So often discussions of global warming and ‘climate change’ occur at the big-brushstroke level — how the global temperature anomaly is faring, satellite measurements and so on. But the whole dispute can have a profound effect at the local level, especially when governments issue edicts about what people can and cannot do, because of the supposed catastrophe lying in wait for us.
A recent paper by Roche, Goodwin and McAneney brought this point home to me. Entitled ‘Management of the Coastal Zone in Byron Bay: The Neglect of Medium-term Considerations’, it sounds like the sort of paper that you glance over quickly. But it is a fascinating read, and you can get a copy here.
At the core of it is the AGW scare, extended into ever-rising sea-levels and the prospect of the destruction of coastal holiday houses and other property. Devastating storms do occur, and they can denude beaches of sand, chop out great chunks of sand-dune, destroy wharves and jetties, and cause houses to slide into the sea. And all this without any global warming at all. But were the seas to rise a metre or so, let alone the five metres forecast by AGW Scaremonger-in-chief James Hansen, then such storms would plainly affect many more people and much more property.
Byron Bay is a pleasant holiday town on the North Coast of New South Wales, with the continent’s most easterly point at Cape Byron, and it has been identified as a beach ‘erosion hotspot’. It has had its share of storms and coastal erosion, and has been the site of some angry and expensive litigation, which all goes back to what governments decided to do.
The NSW Labor Government in power from 1995 to 2011, pursuing ideas that had been about for some time, fell for the precautionary principle, and decided that global warming was here to stay, the seas would rise, properties would go, and that the best plan was ‘planned retreat’ — that is, in the long run some land would disappear. If you were going to build, then you needed to build something that you could locate somewhere else when your land started to disappear into the sea. And local government bodies could decide where and what all that would be. Not only that, you couldn’t protect your house by building a sea wall, unless it was made of sandbags and was not more than 1.5 metres in height.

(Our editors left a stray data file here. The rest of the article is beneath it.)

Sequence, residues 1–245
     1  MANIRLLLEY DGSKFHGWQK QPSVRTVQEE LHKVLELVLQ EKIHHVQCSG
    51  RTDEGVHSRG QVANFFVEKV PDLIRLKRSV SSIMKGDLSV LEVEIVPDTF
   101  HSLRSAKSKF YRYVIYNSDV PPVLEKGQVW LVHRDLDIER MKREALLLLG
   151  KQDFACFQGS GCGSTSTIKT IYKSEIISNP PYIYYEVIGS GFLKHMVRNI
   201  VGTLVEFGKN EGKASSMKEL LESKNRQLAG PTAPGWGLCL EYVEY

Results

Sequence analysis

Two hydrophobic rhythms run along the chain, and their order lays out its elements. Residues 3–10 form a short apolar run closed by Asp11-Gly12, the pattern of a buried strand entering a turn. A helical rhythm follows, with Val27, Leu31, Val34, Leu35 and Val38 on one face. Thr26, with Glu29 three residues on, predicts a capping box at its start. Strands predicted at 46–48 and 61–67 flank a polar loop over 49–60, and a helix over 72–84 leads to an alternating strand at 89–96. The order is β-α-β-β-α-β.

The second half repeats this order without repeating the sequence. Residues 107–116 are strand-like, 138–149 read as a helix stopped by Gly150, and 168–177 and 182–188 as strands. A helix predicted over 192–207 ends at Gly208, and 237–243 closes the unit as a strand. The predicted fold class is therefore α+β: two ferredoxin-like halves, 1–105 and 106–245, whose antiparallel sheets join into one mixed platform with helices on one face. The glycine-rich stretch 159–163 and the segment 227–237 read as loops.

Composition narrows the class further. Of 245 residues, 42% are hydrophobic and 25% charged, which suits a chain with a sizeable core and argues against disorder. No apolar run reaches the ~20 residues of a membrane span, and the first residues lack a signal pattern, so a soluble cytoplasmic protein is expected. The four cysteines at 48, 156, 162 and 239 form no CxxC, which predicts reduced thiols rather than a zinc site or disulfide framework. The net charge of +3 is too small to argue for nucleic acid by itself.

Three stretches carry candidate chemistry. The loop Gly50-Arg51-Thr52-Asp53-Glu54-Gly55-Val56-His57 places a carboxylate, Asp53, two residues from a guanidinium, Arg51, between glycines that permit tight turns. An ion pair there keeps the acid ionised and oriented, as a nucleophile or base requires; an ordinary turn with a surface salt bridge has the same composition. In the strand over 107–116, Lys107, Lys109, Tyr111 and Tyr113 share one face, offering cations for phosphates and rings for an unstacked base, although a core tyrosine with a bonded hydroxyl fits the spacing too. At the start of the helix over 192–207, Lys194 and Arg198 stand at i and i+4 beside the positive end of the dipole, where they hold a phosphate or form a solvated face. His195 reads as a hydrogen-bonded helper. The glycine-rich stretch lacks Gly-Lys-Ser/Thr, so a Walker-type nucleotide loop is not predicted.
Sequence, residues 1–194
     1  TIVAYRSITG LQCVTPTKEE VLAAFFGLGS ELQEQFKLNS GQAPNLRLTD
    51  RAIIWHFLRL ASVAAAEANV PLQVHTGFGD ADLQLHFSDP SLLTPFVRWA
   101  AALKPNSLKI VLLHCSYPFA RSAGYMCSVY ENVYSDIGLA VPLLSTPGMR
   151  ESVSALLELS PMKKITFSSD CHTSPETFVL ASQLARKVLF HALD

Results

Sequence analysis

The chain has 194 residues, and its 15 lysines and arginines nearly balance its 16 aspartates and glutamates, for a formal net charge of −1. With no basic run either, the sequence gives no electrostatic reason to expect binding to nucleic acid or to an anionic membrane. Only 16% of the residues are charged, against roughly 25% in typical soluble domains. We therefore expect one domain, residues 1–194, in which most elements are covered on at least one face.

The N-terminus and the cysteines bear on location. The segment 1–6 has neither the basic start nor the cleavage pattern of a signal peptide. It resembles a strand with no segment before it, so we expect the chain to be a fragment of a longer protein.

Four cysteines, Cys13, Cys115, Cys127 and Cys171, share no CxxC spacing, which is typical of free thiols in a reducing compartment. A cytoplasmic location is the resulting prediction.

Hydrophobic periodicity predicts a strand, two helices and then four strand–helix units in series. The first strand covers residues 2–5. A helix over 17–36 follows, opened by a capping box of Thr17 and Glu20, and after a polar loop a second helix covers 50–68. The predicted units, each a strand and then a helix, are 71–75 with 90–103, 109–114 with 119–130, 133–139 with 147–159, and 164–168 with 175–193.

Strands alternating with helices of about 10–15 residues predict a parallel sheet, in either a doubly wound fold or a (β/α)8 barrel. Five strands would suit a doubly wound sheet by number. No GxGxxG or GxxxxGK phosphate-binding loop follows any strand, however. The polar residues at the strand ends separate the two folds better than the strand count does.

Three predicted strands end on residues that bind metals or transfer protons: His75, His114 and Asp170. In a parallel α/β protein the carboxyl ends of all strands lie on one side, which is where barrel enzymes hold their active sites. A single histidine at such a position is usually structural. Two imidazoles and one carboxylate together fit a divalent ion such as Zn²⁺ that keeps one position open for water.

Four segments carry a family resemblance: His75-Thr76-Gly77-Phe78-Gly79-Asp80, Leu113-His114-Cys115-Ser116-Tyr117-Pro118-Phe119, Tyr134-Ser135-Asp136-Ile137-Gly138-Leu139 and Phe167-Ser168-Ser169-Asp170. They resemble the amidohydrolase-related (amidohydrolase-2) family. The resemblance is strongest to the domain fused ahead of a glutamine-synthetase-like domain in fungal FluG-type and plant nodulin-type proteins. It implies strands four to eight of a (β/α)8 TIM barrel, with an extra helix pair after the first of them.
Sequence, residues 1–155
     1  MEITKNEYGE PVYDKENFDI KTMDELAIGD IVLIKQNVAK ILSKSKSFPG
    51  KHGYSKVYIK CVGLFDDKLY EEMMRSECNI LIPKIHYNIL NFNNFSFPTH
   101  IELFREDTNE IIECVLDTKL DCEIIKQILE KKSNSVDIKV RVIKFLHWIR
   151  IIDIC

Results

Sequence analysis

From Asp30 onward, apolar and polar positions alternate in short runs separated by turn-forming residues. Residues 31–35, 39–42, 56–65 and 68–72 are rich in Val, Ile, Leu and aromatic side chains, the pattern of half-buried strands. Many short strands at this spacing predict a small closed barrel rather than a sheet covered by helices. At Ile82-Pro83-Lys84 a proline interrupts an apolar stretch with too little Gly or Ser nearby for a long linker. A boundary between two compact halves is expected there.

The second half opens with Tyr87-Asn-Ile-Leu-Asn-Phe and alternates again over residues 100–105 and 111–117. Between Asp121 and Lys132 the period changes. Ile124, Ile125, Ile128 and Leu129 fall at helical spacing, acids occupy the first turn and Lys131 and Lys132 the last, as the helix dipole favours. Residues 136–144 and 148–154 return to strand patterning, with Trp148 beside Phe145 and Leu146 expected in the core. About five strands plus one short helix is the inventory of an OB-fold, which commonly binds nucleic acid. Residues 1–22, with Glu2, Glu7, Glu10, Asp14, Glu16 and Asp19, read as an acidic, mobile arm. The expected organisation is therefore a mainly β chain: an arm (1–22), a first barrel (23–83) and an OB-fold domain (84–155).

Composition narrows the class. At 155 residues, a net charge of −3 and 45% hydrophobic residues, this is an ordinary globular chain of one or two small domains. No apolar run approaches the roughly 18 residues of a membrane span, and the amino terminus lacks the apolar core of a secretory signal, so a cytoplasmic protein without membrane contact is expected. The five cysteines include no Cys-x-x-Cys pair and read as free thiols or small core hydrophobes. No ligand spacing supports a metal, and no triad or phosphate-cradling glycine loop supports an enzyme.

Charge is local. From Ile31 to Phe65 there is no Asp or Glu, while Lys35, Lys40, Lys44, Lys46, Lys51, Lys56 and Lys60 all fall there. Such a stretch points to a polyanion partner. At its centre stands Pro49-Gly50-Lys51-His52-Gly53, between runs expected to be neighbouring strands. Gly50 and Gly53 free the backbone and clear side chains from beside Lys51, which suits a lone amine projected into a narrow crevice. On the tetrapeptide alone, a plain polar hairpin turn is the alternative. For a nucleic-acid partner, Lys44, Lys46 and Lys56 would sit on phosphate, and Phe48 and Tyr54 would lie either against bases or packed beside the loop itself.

Needless to say, some property-owners found that the value of their land and buildings dropped at once and alarmingly, and became irate. The NSW Opposition fought the election in 2011 partly on these issues, and when it was elected decided to overturn the planned-retreat strategy, and to allow property owners to protect their properties from the power of the seas if they wished to do so. Sounds better? Well, it leaves a lot of questions unanswered, and makes the job of local government no less difficult..
The authors make the fair point that what has happened is that one government went for the long-term strategy, while its replacement went for the short-term version. Neither seems to have considered what they call the ‘medium-term’ possibility. According to the Federal Government, between 157,000 and 247,000 existing residential buildings are thought to be at risk to a sea-level rise of 1.1 metres. Now no-one I know has suggested such a rise over this century, though it seems that the NSW Government had in mind a rise of 0.9 metres. The IPCC’s 4th Assessment report talked of a likely rise of between 18 and 59 centimetres, while current measurements seem to fluctuate between 1.7mm a year and around 3mm. Neither figure, multiplied by 100, seems to provide a scary outcome.
So on the face of it we have time to employ the medium-term solutions, which can be hard (rock walls) or soft (filling up beaches with new sand and stabilising dunes). The authors say this: ‘The key advantage of engineering solutions for the medium term is that they allow continued enjoyment of the coastline for another 30–50 years whilst preserving livelihoods and doing as little damage to the coast as possible. At some point, locations around the coast may well need to be abandoned as they become impractical and too expensive to protect, but in the authors’ minds it would appear that this time is not yet here.’
An underlying point is that coastal erosion is not simply a function of sea-level rise. Storms move sand around, and open and close lagoons and river mouths. The Shoalhaven River mouth was recently opened by a combination of heavy rain and storms, a rare occurrence; it is mostly closed, and indeed it was so when the first European to take up land there, Alexander Berry, arrived in 1829. I have seen the beaches around our coastal house change a great deal over the thirty-five years we have been on the South Coast, and earlier saw a great storm threaten several houses at Wamberal, on the Central Coast — and this was long before anyone talked about global warming.
To say it again, scaremongering can have pernicious effects on small communities, as has plainly been the case in Byron Bay, where lots of money has been spent on litigation, and ‘the general public is at risk of losing its amenity in an iconic piece of coastline. Homeowners are at risk of losing homes, businesses their livelihood, and the government remains exposed to significant legal liability.’
We ought to be able to do better than this, and one has to reiterate that the climate models claimed to be able to foretell the future have never been validated. The website of Tamsin Edwards, about whom I wrote a couple of days ago, is called ‘All Models are are Wrong … but Some are Useful’. Climate models should not be used by governments as a basis for policies fifty years out, let alone for the kinds of tasks local government councils have.